I think I forgot just how much I loved Turok as a kid. From the moment I saw that crinkled, tattered husk of a box sitting at my local Blockbuster, I just knew that I’d love it. It was Turok: Dinosaur Hunter for the Nintendo 64. The first third party game for the console, and my first ever first-person shooter (I skipped pretty much anything on a PC). While I enjoyed it at the time, I just knew several years later that it would not have aged well. Now, twenty years later, the games have been remastered by Nightdive Studios, a studio dedicated to bringing games back for a modern audience. It might be a little controversial, but I think they’ve outdone the original here.
The original Turok was light on story elements. You play as Tal’Set, a warrior of Saquin descent who has been given the mantle of Turok, a legendary hunter who is meant to protect the Lost Lands. His mission is a simple one – stop an evil overlord known only as The Campaigner from using an alien weapon to merge the Lost Lands with our own universe. It’s basic stuff, filled to the brim with all kinds of tropes. The simplicity works though, as what follows is a bizarre amalgamation of prehistoric themes with futuristic science fiction derived ones.The game itself is structured in a semi-open fashion. You’ll start off in a hub world that can transport you to one of seven levels. Each level can be unlocked by finding keys in the others – though some of them are hidden well. It’d be misleading to call each level open-world, but the levels are designed openly, as there’s sometimes multiple paths through them. You’ll be able to easily complete a run of a level without finding anything, almost demanding you to explore every nook and cranny.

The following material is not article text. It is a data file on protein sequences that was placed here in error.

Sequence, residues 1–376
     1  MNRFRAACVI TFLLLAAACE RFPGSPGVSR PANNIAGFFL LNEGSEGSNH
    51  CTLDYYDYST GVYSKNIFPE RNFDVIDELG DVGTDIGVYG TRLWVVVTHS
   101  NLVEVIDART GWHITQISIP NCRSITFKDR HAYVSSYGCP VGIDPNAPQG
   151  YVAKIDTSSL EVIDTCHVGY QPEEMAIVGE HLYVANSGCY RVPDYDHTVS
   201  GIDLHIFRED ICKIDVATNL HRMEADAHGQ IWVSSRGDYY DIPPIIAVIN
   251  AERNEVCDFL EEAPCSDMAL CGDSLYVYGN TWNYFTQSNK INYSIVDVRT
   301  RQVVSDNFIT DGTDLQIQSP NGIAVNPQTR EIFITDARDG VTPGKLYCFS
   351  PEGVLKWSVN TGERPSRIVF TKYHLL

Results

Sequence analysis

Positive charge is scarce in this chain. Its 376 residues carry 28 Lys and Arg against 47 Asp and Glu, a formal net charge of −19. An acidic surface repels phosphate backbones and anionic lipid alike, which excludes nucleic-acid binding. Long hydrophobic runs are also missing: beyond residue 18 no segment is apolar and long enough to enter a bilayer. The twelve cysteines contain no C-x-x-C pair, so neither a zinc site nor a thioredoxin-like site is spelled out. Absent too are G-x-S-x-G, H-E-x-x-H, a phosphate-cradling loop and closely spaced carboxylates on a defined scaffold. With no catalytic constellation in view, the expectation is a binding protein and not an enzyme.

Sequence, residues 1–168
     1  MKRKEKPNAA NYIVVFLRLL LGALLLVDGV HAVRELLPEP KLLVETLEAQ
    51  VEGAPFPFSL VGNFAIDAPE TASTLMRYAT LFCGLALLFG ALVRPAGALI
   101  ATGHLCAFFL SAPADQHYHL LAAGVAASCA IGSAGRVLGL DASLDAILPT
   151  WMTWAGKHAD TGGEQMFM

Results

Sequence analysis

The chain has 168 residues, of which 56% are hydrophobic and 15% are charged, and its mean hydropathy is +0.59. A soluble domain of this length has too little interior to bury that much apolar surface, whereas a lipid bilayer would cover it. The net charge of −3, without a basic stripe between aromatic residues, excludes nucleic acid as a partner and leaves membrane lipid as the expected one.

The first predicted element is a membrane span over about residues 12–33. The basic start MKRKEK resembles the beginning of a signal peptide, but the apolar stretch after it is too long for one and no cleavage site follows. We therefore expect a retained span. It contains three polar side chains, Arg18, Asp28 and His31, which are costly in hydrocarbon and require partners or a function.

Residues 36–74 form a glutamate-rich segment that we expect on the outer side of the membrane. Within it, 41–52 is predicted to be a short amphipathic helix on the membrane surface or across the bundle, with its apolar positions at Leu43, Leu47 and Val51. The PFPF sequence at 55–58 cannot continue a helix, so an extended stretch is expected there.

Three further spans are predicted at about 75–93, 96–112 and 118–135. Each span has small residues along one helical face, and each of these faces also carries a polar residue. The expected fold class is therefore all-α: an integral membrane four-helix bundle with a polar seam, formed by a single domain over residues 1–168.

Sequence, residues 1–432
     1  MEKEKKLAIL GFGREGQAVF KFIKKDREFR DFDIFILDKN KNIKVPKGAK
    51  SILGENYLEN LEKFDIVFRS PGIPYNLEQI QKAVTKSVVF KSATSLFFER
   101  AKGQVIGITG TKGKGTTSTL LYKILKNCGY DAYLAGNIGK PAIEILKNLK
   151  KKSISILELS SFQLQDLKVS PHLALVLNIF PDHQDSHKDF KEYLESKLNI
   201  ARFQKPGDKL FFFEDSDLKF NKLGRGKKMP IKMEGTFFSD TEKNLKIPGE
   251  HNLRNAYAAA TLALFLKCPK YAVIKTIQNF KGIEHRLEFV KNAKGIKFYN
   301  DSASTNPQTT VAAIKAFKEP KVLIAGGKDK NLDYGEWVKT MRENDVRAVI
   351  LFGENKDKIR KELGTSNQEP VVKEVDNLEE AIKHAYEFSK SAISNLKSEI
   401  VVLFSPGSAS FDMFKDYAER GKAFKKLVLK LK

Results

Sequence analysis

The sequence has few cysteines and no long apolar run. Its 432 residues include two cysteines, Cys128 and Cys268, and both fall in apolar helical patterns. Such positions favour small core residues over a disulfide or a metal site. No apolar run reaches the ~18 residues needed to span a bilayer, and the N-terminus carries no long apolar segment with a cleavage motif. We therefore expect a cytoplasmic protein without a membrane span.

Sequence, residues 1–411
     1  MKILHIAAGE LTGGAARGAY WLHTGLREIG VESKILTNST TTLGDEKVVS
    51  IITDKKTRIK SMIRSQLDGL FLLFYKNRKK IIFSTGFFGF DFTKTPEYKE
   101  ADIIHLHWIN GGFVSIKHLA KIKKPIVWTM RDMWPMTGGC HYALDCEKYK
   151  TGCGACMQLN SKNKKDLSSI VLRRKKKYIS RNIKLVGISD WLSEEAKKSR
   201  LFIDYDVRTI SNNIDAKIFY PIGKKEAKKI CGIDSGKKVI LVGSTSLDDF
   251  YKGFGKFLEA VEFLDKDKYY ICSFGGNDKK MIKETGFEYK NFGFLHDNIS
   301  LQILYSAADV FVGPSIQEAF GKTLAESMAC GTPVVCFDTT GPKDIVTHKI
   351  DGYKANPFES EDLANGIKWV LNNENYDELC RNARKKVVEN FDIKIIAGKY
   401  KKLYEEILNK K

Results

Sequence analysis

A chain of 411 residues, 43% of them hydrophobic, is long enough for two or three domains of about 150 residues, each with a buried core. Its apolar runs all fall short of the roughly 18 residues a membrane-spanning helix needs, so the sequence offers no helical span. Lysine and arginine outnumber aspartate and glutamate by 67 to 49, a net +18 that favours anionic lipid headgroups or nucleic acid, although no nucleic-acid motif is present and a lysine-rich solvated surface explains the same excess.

I was taken aback at how this type of level design simultaneously felt dated but at the same time still stood up today. On one hand, non-linear exploration of levels feels modern as ever. On the other, the fact that the game just plops you in a map with little to no waypoints or instruction feels right out of the era that these games were originally made in – an era where there weren’t the capabilities to tell a detailed, structured story. It’s one of the key design choices that has remained largely the same from the original game and yet still works today.On the other hand, some other aspects are bound to rub players the wrong way. There’s no reliable or constant autosaves in Turok. Rather, you’ll be able to save your game at certain points in each level, and if you die you’ll return to them. Checkpoints are peppered throughout each level too. These are used by walking through them, like a gate, and cannot be reactivated again. Much like a save point, they provide a point to return to if you die. Run out of lives though and you’ll be in trouble, especially if you’re not using the manual save points. It’s been a long time that I’ve had to remember where save points were on a map, so that I could not risk losing progress from a poorly timed jump or an enemy ambush.